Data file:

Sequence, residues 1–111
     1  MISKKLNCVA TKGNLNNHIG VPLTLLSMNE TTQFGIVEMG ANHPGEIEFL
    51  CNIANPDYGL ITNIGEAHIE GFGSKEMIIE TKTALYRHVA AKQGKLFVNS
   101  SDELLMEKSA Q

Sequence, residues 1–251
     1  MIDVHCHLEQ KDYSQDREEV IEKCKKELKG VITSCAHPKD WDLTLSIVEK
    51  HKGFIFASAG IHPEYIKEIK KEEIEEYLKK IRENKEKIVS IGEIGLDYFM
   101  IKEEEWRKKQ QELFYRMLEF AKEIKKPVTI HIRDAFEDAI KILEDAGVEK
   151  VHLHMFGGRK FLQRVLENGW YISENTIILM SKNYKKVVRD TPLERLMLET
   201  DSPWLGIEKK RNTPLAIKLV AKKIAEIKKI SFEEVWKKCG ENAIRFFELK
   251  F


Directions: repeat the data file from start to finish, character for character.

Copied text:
Sequence, residues 1–111
     1  MISKKLNCVA TKGNLNNHIG VPLTLLSMNE TTQFGIVEMG ANHPGEIEFL
    51  CNIANPDYGL ITNIGEAHIE GFGSKEMIIE TKTALYRHVA AKQGKLFVNS
   101  SDELLMEKSA Q

Sequence, residues 1–251
     1  MIDVHCHLEQ KDYSQDREEV IEKCKKELKG VITSCAHPKD WDLTLSIVEK
    51  HKGFIFASAG IHPEYIKEIK KEEIEEYLKK IRENKEKIVS IGEIGLDYFM
   101  IKEEEWRKKQ QELFYRMLEF AKEIKKPVTI HIRDAFEDAI KILEDAGVEK
   151  VHLHMFGGRK FLQRVLENGW YISENTIILM SKNYKKVVRD TPLERLMLET
   201  DSPWLGIEKK RNTPLAIKLV AKKIAEIKKI SFEEVWKKCG ENAIRFFELK
   251  F